shame on me

26 May

Yes, exactly, shame on me for not listening to the latest Alice in Chains album earlier! I don’t know how but I simply overslept some of the cool albums of the last year. Maybe it was because I was on the road pretty often and when I wasn’t travelling, I was completely loaded with work. Ok, no excuses from now on (“Find me sittin’ by myself | No excuses that I know” X-D).

What am I supposed to say? The album is stunning! I am not a hard-core Alice in Chains fan but I have always appreciated them a lot and I followed their career from Dirt and up (possibly because in my part of the world nobody had ever heard of Alice in Chains prior to Dirt). And, somehow, since the death of Layne Staley, Alice in Chains somehow… slipped my mind. Of course, I was watching Jerry Cantrell closely and checked what was he doing but new plans, getting William DuVall as the new vocalist – I had no clue about it all.

And? Frankly? It’s amazing. I am not expecting DuVall to become the new Layne Staley, I am not even expecting him to sound similar. But he DOES sound similar. His voice is definitely different than Staley’s, I would probably put it somewhere mid-way between Staley and Chris Cornell. But parts which are sang together with Cantrell remind you of the old Alice in Chains so much that, somehow, I did not feel disappointed, uncomfortable or uneasy by the sole fact that it’s somebody different than Staley. DuVall’s voice is softer and higher than Staley’s but still – he’s doing a great job. It’s very emotional, with the amazing vibrato and a fantastic expression – even in the more calm songs (for example, Your Decision). The other musicians are as brilliant as ever and they’re in their top form (amazing guitar-solo in Last of My Kind, which is one of my favorite songs of the album – totally stunning!)

I am looking forward to the future of Alice in Chains with lots of expectations. Last month Jerry Cantrell stated that he did not see any reason for which recording a new album in the nearest future would not happen. Let’s hope so!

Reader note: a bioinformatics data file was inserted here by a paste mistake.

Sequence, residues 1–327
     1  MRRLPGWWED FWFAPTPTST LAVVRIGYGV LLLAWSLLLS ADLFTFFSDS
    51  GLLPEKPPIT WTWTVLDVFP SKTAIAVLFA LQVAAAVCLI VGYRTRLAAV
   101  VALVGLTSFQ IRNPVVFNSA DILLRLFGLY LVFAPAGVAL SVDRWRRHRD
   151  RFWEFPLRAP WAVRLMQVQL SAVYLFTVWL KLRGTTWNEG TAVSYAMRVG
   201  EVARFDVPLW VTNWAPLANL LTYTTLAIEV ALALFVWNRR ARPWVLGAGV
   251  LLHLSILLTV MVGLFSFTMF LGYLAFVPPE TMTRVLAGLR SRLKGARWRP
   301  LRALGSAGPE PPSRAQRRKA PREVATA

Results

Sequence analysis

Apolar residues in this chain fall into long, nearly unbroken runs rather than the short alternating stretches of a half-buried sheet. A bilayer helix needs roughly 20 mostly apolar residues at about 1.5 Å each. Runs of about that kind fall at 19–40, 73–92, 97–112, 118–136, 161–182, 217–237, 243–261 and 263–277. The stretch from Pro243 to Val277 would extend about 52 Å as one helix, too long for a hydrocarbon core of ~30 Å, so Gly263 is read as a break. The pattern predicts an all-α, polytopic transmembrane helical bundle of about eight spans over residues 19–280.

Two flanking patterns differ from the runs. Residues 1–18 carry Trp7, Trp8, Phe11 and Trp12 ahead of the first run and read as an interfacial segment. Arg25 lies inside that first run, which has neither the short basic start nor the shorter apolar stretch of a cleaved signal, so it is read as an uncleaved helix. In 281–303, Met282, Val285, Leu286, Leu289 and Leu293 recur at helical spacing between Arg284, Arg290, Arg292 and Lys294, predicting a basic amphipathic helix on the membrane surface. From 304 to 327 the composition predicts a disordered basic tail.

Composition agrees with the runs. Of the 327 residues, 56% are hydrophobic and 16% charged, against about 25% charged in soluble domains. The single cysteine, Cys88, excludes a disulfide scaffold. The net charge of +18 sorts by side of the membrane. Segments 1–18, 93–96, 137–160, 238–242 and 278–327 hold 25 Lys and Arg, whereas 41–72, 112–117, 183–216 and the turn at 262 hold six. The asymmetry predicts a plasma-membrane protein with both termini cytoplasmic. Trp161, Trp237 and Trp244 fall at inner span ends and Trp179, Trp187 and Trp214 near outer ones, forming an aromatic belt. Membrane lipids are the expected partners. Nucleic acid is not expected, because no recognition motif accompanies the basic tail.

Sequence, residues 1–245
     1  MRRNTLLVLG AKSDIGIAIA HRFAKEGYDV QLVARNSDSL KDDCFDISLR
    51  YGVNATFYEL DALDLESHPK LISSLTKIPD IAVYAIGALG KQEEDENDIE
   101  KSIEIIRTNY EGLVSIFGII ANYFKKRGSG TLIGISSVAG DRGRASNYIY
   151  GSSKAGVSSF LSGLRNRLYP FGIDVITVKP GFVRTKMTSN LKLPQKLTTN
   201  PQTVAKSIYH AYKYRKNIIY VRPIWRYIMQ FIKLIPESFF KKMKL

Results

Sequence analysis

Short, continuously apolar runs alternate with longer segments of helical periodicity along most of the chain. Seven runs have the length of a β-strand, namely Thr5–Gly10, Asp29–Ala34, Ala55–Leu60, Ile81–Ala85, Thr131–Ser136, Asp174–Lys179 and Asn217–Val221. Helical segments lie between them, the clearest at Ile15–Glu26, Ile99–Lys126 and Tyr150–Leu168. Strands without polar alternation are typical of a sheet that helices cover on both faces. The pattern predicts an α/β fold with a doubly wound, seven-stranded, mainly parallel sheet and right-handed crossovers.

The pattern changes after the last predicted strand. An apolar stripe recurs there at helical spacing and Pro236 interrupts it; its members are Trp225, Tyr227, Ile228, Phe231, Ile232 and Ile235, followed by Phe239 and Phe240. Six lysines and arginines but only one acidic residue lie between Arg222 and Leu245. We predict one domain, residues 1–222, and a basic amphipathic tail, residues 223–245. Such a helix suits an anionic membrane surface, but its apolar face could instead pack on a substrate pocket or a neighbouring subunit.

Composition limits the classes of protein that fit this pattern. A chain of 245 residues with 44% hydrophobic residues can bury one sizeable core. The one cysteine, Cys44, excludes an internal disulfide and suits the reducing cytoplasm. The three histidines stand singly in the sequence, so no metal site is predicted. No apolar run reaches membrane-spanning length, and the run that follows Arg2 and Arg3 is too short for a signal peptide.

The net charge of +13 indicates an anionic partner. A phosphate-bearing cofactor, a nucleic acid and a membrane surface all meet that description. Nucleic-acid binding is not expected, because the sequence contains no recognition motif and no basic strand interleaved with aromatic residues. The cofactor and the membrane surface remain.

The album itself is sort of a coming back to the roots of Alice in Chains. The atmosphere, doubled vocals, rhythm, guitar riffs – it’s all a sort of a tribute to the earlier works of the band. However, it doesn’t mean that the band is stuck with imitating what they had created prior to Black Gives Way to Blue. It’s clear that the album was recorded by very creative and mature musicians. Listening to it I had a feeling that it somehow should be an example of how a path of a musician should look like – constantly developing and consequent. Of course, there are bands which changed their style and experimented with different things and I’m not saying it’s wrong. Absolutely not. But in this case I am absolutely thrilled by how Alice in Chains forged their new album out of what they had been doing earlier. This is slow, consequent advancement that I value so much, that – I think – is not valued enough in this world, and, finally, that I would probably compare to the difference between Tool’s Ænima and 10.000 Days – showing that you’re truly devoted to something, true to what you’re doing and, still, being able to progress, develop, change. Therefore, I am absolutely taken by this record – and very surprised (in a positive meaning of this word) cause it’s a huge relief to listen to something like that knowing that so many bands gave up, totally abandoned their former achievements or got stuck in the same point not knowing how to get out of the cage that they themselves had created.

P.S. Don’t you find it odd that both Kurt Cobain and Layne Staley died circa April 5th? Ugh… Creepy!


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